In this Tuesday, Oct. 5, 2021, photo, The Dalles Mayor Richard Mays looks at the view of his town and the Columbia River from his hilltop home in The Dalles, Oregon. Mays helped negotiate a proposal by Google to build new data centers in the town. The data centers require a lot of water to cool their servers, and would use groundwater and surface water, but not any water from the Columbia River. (AP Photo/Andrew Selsky)
THE DALLES, Ore. (AP) — Conflicts over water are as old as history itself, but the massive Google data centers on the edge of this Oregon town on the Columbia River represent an emerging 21st century concern.
Now a critical part of modern computing, data centers help people stream movies on Netflix, conduct transactions on PayPal, post updates on Facebook, store trillions of photos and more. But a single facility can also churn through millions of gallons of water per day to keep hot-running equipment cool.
Google wants to build at least two more data centers in The Dalles, worrying some residents who fear there eventually won't be enough water for everyone — including for area farms and fruit orchards, which are by far the biggest users.
Across the United States, there has been some mild pushback as tech companies build and expand data centers — conflicts likely to grow as water becomes a more precious resource amid the threat of climate change and as the demand for cloud computing grows. Some tech giants have been using cutting-edge research and development to find less impactful cooling methods, but there are those who say the companies can still do more to be environmentally sustainable.
The concerns are understandable in The Dalles, the seat of Wasco County, which is suffering extreme and exceptional drought, according to the U.S. Drought Monitor. The region last summer endured its hottest days on record, reaching 118 degrees Fahrenheit (48 Celsius) in The Dalles.
The Dalles is adjacent to the the mighty Columbia River, but the new data centers wouldn’t be able to use that water and instead would have to take water from rivers and groundwater that has gone through the city’s water treatment plant.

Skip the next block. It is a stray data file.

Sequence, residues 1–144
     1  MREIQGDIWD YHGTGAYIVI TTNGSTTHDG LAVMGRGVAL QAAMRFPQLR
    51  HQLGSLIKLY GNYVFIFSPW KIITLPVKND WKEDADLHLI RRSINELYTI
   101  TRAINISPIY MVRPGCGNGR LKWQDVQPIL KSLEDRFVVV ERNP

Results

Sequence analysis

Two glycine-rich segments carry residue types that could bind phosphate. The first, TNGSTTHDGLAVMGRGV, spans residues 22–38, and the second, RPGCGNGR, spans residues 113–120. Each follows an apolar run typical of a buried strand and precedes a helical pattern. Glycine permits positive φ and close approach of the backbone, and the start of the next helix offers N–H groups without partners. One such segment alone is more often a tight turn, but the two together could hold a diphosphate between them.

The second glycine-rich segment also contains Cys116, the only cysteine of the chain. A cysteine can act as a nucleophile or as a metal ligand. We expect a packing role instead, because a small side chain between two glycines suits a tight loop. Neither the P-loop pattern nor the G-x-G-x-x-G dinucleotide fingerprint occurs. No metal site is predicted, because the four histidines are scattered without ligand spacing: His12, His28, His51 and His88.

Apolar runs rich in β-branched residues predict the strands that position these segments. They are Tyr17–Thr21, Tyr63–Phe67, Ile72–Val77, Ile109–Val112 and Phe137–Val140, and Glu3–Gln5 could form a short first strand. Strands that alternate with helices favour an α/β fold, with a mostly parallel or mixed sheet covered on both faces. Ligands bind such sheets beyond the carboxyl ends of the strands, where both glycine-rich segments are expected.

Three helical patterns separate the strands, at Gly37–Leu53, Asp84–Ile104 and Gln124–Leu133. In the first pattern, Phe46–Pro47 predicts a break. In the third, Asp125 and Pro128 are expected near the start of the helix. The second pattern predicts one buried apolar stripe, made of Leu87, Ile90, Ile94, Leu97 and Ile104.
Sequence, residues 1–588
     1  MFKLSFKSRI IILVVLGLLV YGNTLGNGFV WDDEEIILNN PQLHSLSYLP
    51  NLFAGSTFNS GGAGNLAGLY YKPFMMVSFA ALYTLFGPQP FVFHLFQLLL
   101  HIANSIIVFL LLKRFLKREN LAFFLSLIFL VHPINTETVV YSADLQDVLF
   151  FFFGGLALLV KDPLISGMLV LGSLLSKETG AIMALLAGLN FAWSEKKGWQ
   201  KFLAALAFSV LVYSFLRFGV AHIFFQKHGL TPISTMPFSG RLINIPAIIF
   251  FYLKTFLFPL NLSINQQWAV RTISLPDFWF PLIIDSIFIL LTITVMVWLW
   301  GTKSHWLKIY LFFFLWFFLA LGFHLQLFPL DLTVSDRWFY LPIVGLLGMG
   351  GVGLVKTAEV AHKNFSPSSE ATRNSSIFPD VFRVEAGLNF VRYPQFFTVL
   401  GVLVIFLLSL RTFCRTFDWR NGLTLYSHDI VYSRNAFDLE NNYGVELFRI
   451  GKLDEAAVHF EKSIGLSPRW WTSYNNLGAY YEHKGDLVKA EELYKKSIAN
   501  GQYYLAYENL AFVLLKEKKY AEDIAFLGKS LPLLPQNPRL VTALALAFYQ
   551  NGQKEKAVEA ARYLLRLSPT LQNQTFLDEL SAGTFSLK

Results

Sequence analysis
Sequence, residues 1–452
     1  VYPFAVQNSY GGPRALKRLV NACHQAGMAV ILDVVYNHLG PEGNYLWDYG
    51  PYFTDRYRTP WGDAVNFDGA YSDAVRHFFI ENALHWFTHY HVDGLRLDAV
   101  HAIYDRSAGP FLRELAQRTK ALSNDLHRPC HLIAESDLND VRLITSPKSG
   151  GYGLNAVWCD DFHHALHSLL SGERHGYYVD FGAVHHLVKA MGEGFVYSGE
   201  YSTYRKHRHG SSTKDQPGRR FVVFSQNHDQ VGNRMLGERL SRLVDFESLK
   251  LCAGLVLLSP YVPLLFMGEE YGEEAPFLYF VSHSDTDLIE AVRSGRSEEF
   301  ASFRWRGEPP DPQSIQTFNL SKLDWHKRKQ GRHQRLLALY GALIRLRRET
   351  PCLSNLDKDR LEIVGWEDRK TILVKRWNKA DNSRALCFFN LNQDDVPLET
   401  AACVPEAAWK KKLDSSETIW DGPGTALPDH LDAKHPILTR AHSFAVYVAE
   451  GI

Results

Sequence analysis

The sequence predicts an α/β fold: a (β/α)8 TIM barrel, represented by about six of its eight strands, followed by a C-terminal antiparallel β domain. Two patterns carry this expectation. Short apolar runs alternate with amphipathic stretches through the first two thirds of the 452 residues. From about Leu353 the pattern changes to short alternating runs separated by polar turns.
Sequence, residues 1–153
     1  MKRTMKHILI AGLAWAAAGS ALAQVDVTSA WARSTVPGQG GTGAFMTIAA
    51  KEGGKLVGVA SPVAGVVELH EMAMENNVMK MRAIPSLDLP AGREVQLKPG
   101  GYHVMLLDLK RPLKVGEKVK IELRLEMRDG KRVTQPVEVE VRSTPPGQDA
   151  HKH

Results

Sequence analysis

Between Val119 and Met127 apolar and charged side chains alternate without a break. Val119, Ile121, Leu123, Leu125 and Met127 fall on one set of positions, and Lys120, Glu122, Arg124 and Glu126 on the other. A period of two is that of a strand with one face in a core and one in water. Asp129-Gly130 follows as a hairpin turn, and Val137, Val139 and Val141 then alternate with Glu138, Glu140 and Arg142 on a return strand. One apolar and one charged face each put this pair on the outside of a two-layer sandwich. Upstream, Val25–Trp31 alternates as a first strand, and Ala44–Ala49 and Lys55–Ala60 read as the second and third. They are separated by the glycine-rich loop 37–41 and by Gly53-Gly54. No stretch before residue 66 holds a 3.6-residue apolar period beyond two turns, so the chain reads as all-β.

However, the snowpack in the nearby Cascade Range that feeds the aquifers varies wildly year-to-year and glaciers are melting. Most aquifers in north-central Oregon are declining, according to the U.S. Geological Survey Groundwater Resources Program.
Adding to the unease: The 15,000 town residents don't know how much water the proposed data centers will use, because Google calls it a trade secret. Even the town councilors, who are scheduled to vote on the proposal on Nov. 8, had to wait until this week to find out.
Dave Anderson, public works director for The Dalles, said Google obtained the rights to 3.9 million gallons of water per day when it purchased land formerly home to an aluminum smelter. Google is requesting less water for the new data centers than that amount and would transfer those rights to the city, Anderson said.
“The city comes out ahead,” he said.
For its part, Google said it's “committed to the long-term health of the county’s economy and natural resources.”
“We’re excited that we’re continuing conversations with local officials on an agreement that allows us to keep growing while also supporting the community," Google said, adding that the expansion proposal includes a potential aquifer program to store water and increase supply during drier periods.